The Guardian’s letters pages online
Should we pay for the pleasure of using our tip?
Over the Bank Holiday, as we know, the weather was rubbish.
That’s why I decided to clear out my shed of old rubbish that’s been mounting up for years.
What I thought would take me an hour to do on Saturday took nearly all day.
The shed was empty, the car loaded up and off I went to Birkacre Refuse Tip.
On the way there I went cold thinking ‘is the tip open?’
To my delight I saw a car turn into the opening a way in front of me.
I though ‘great.’
Pulling up to unload, two very polite refuse workers came to my assistance and helped me.
Fantastic I thought.
Then, a very polite refuse lady worker came over and directed me to the appropriate container for other waste.
Everyone was totally professional and very helpful.
I went over to thank the two gentlemen who helped me and in our conversation they said that there is a risk that the tip could close.
It was then we had an in-depth conversation about the impact on the Chorley area if the tip was to close.
There would be fly-tipping and all sports of waste problems.
The tip is a far bigger asset than you think and I would gladly pay a couple of pound entry to dump my rubbish there rather than take it home.
This is something the council may consider?
Again, a big thank-you to all the workers at Birkacre tip.
The local people don’t know how lucky they are.
Andrew Robinson, Adlington
Red bands are hazard to pets
I am happy to see Coun Matthew Crowe has highlighted the problem of red elastic bands that are believed to have been dropped by Royal Mail postal workers in Coppull (Chorley Guardian June 1).
The British Hedgehog Preservation Society and other wildlife organizations are currently campaigning to resolve this issue.
BHPS are offering postcards to interested parties featuring the graphic image of a hedgehog with a red elastic band embedded in its side, thankfully it was rescued and survived.
These are to sent to local sorting offices as a reminder of the hazards they create.
My cat has also eaten several of these bands so I now have to check there are none left lying around.
However, I was disappointed to read Royal Mail’s comments on the issue as I imagined they would take this seriously.
After all what use is a biodegradable rubber band to a severely injured animal?
Diana Tuson, Address supplied
‘We are working for the village’
When I came on to the council 18 years ago it was solely for the purpose of helping the people of Coppull and making it a better place to live.
With the help of the rest of the Liberal Democrat team, I feel that we have succeeded in doing that.
Nine years ago, when we had a hung council, the Liberal Democrats were asked by the Labour Party in Chorley to form a coalition.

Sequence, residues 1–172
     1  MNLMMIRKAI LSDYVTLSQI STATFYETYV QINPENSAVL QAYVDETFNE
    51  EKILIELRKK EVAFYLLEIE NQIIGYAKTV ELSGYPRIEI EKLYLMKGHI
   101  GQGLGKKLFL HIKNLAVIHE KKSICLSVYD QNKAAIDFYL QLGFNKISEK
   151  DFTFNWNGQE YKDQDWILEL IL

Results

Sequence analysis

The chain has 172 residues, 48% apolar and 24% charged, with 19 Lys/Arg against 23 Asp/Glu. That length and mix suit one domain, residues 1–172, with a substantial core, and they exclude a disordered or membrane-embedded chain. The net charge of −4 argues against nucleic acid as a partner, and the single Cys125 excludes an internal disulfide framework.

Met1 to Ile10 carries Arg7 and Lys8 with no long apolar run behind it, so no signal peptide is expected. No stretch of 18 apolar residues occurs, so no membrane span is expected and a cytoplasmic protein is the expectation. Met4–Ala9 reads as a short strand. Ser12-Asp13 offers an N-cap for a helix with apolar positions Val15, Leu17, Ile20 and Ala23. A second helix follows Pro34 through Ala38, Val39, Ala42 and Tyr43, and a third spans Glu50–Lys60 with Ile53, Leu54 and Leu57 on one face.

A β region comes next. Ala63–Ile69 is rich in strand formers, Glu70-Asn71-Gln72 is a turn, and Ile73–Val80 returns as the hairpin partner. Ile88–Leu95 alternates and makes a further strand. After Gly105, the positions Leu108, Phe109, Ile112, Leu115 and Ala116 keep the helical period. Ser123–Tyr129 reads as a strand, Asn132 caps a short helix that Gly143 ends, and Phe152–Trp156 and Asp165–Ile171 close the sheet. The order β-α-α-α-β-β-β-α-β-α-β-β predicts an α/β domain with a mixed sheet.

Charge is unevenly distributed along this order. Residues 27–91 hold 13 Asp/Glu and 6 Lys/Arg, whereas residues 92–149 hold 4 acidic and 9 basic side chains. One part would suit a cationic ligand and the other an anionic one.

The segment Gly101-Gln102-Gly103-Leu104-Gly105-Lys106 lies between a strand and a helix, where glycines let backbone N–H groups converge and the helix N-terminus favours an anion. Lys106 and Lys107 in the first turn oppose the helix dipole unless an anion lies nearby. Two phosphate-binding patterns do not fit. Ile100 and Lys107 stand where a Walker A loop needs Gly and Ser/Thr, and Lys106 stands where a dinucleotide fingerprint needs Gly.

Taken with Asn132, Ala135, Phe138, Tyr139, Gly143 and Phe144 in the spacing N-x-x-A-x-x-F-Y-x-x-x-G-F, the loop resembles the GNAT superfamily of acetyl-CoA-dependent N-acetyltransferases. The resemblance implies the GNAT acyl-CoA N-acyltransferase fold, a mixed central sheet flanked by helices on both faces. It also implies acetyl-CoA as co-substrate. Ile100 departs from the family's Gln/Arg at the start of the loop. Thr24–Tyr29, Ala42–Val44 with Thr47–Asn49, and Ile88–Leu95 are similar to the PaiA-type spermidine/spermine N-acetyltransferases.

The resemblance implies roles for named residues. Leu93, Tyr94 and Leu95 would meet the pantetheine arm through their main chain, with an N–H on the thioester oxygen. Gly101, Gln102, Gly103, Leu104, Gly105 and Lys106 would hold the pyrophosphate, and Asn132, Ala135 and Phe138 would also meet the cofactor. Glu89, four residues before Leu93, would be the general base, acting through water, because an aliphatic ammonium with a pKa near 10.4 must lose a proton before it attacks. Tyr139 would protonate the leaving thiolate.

This we did, and Coun Stella Walsh was given the role of Chair of Scrutiny and I was asked to take over the DLO and housing maintenance, which were running at over half a million pounds loss each year.
It took nearly three years to bring it back on budget.
In all those three years, I never had any sarcastic or nasty comments from the Conservative Party about the coalition agreement.
When the Liberal Democrat coalition with the Conservatives was formed last year in Government, I thought it was the only way the disgraceful mess Labour had left us in could be sorted out. £186m in debt - I ask you.
At no time have I criticised the coalition, as the Labour Party has said I have.
My comments have been aimed at Nick Clegg being a PR disaster which affected us all in the local elections in May.
These elections should have been about local issues not the Government and the coalition.
After the elections, Coun Stella Walsh and I were asked by the Conservative Party if we would like to form a coalition with them.
After a lot of thought we decided to do so as we both think that Chorley has an excellent council, made so by the chief executive and the Conservative group over the last five years or so.
It is our intention to allow it to keep improving and not get involved in party politics, which would have happened if we hadn’t formed a coalition and given them a working majority.
The council could have become unworkable which would have affected the residents in the borough.
Both Stella and I are well aware that a lot of our votes are from residents who vote either Labour or Conservative in the General Election.
To those voters we are saying that we haven’t changed, we will still be doing what is best for Coppull and the whole of Chorley.
We want to help improve Coppull and help the residents, as we have done for the last 18 years.
The Liberal Democrats in Coppull have always worked for all the people in our village - it’s a shame that some voters were persuaded to vote on national rather than local issues, thereby losing a person who has worked hard for the village over many years.
Coun Ken Ball, Coppull
Tragic artist was a true great
I was saddened to read of the death of the surrealist artist, Leonora Carrington who was born in Clayton-le-woods, daughter of Harold Carrington who owned the two mills in Eccleston.
I was lucky to have seen an exhibition of Leonora’s work at the Harris Museum and Art Gallery in Preston about 20 years ago.
I was absolutely enthralled by her paintings, I had never seen anything like them before, they were fascinating.
After I had seen them I read up on Leonora and found that her life was as exciting as her paintings.
There should have been a film made of her life.
I just don’t understand why she wasn’t more appreciated in England or indeed her place of birth, Lancashire.
There is a small corner in Bygone Times in Eccleston, which was one of her fathers mills, which has a small tribute to her and her work.
What a great woman.
Vivien Coles, Charnock Richard